Iran is poor country led by a tyrannical regime. Its primary exports are oil, hate, and terror. So what does Columbia University do? Well, the university invited Iran’s president to speak to the faculty and students. After some reflection and bad publicity, however, Columbia President Lee Bollinger decided to introduce his guest, Mahmoud Ahmadinejad, this way (here).
Columbia President Lee Bollinger opened the program with a blistering introduction in which he lambasted Ahmadinejad for calling for the annihilation of Israel, denying the Holocaust and supporting the execution of children, and told the leader of Iran that he resembled “a petty and cruel dictator.”
Bollinger levied repeated criticisms against Ahmadinejad, calling on him to answer a series of challenges about his leadership, blasting his views about the “myth” of the Holocaust as being “absurd,” and saying that he doubted he “will have the intellectual courage to answer these questions.”
“You are either brazenly provocative or astonishingly uneducated,” Bollinger told Ahmadinejad about the leader’s Holocaust denial. “Will you cease this outrage?”
In other words, Bolinger decided to attack the man his institution had invited as a guest.
News media reaction seemed surprisingly mixed. Most think Ahmadinejad made a fool of himself (here and here are examples). Nonetheless, some predictability remained. Time Magazine’s Joe Klein found a way to attack both Ahmadinejad and neoconservatives (here).
Of course, Ahmadinejad is no simpleton. He knows precisely how to exploit one of the few powers he does possess, the power to offend. He gains status in Iran and in the Islamic world by sticking his thumb in the giant’s eye. His Holocaust denial is a flagrant ploy — the easiest way to get a rise out of the Jewish community and, inevitably, U.S. politicians. Clearly, he benefits from his falsely inflated prominence. But who else does?
Well, at the top of the list are our old friends the neoconservatives, the folks who provided the intellectual rationale for Bush’s war in Iraq, many of whom are now itching for a war with Iran. Norman Podhoretz, the neocon paterfamilias, has written a trifle called World War IV: The Long Struggle Against Islamofascism and loves to posit Ahmadinejad and Osama bin Laden—a far more dangerous character—as the heirs to Hitler and Stalin. “They follow the path of fascism, Nazism and totalitarianism,” he writes. This is incendiary foolishness.
“It wasn’t a set up, but it looks like that,” said Dorf.
Though Dorf said he would not have invited Ahmadinejad, he thought his presence raised consciousness in the US about exactly what the sins of Ahmadinejad were.
“In that sense, it served a useful function here,” said Dorf. “But we were not effective at persuading Iran or the world of the case against him by inviting him and then dumping on him.”
Normally, being asked to speak at a university is a great honor. While Ahmadinejad may have expected hostile questions, I seriously doubt he expected the treatment he got. Bollinger apparently provided this treatment to recover from some bad publicity. What the university president did, however, was to compound his error.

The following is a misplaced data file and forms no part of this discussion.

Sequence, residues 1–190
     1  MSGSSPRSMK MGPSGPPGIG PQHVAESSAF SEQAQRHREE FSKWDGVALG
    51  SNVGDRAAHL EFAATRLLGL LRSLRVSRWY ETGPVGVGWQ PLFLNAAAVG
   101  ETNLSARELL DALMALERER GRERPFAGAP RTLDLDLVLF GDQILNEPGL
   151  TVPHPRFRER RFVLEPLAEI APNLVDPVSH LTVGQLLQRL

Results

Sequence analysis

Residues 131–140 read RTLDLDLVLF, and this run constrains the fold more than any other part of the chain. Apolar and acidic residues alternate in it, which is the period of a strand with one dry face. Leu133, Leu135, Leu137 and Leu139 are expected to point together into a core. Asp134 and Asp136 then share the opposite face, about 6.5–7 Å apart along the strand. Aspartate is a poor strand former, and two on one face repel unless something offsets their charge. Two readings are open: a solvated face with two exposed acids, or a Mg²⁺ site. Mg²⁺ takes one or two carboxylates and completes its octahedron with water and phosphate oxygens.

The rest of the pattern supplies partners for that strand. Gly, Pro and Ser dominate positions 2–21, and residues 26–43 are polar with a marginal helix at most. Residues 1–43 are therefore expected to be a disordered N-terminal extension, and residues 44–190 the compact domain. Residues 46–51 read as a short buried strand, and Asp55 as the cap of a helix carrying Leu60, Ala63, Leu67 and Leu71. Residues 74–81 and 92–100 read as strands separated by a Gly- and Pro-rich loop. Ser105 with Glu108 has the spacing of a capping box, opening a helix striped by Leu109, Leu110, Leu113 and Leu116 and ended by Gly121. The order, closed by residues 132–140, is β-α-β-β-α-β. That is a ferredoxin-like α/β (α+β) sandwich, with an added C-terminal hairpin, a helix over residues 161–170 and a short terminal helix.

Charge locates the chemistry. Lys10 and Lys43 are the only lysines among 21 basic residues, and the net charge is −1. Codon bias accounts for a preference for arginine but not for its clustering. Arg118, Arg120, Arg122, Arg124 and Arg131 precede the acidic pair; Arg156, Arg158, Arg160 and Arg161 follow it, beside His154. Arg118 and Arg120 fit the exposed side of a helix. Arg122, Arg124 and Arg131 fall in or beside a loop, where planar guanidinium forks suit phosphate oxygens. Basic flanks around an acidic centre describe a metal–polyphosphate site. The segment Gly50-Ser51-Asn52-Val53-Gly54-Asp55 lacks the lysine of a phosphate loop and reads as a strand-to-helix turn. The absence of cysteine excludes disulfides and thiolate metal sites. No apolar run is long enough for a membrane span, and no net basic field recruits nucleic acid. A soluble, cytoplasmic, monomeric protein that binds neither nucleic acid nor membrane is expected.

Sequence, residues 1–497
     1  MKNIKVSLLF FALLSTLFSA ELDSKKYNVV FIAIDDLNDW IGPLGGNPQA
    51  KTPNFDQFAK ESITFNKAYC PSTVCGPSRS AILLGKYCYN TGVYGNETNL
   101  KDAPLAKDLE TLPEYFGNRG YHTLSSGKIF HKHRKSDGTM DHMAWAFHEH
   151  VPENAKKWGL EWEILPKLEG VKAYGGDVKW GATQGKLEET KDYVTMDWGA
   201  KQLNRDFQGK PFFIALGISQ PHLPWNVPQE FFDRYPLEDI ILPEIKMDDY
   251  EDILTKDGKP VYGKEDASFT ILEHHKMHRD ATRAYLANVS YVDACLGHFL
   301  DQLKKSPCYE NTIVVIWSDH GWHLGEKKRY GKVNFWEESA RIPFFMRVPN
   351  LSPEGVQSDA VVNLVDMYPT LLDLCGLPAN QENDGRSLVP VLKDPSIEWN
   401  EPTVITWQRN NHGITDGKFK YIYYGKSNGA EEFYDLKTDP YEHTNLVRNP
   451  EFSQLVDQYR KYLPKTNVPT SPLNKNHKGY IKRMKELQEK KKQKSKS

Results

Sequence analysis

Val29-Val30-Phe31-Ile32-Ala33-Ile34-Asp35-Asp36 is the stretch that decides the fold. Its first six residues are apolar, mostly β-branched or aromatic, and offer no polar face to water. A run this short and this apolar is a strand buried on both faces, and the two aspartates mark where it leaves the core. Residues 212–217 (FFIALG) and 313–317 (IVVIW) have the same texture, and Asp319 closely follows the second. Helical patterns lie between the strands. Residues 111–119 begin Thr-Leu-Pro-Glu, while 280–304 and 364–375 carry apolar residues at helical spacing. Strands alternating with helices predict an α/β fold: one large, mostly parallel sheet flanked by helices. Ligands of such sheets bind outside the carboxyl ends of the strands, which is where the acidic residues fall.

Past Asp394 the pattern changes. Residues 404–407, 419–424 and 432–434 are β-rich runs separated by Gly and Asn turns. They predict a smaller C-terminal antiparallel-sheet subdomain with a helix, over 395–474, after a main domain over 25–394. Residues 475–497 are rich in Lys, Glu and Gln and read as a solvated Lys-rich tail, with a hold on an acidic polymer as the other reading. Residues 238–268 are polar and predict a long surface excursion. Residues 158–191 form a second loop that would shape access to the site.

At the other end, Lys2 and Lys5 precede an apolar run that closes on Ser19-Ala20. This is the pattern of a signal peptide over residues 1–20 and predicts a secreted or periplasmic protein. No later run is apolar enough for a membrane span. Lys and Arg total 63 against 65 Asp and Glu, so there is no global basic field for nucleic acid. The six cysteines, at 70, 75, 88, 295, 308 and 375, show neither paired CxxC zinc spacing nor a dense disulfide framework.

Ahmadinejad never should have been invited. He has done nothing that merits being so honored. Nonetheless, Ahmadinejad also should not have been set up and treated so roughly. When the university invited Ahmadinejad, they obligated themselves to treat him as a guest. Since when is it appropriate to insult a guest? While some naively consider this hub-bub a victory for the USA, my expectation is that Ahmadinejad will have little trouble spinning the story to his advantage in the Middle East.
Even our laughter will be spun. Iranians will not appreciate the fact the filthy heathens think their views on homosexuality are funny and backward. No nation likes to have their leader mocked by foreigners.
It is one thing for the Iranian president to put his own foot in his mouth. We can laugh, and the fault is his own. It is another thing entirely when we invite the Iranian president to speak as a guest and then mock him and subject him to ridicule. When we laugh at him then, often for things he has said in his own country, we do ourselves no favors. We merely prove we do not even understand the fundamental courtesy of treating a guest with proper respect.
Many Muslims hate us. What is more significant, however, is that most reject our ways. Here we saw an example. Much of the Islamic world considers homosexuality evil. They equate their intolerance of homosexuality with not allowing it to exist, with stamping it out.
Given that homosexuals must keep their preferences secret, Ahmadinejad’s statement about the rarity of homosexuals in Iran will likely strike most of his countrymen as quite reasonable. In fact when we laugh at their president for his “unsophisticated” views on this subject, our laughter will serve as proof to many Muslims our own corruption. These people do not see our views as superior. They see as us as so consumed by Satan’s sophistries we cannot see our sins. Treating a guest with so little hospitality merely serves to justify and strengthen this impression.
Here, Bolinger defends his treatment of Ahmadinejad.
Mosquito Blog analyzes the speech (here).
Reason & Revelation provides some analysis (here).
badrose responds to the speech with sarcasm (here).
Cathouse Chat lauds Bolinger and provides a video and transcript (here).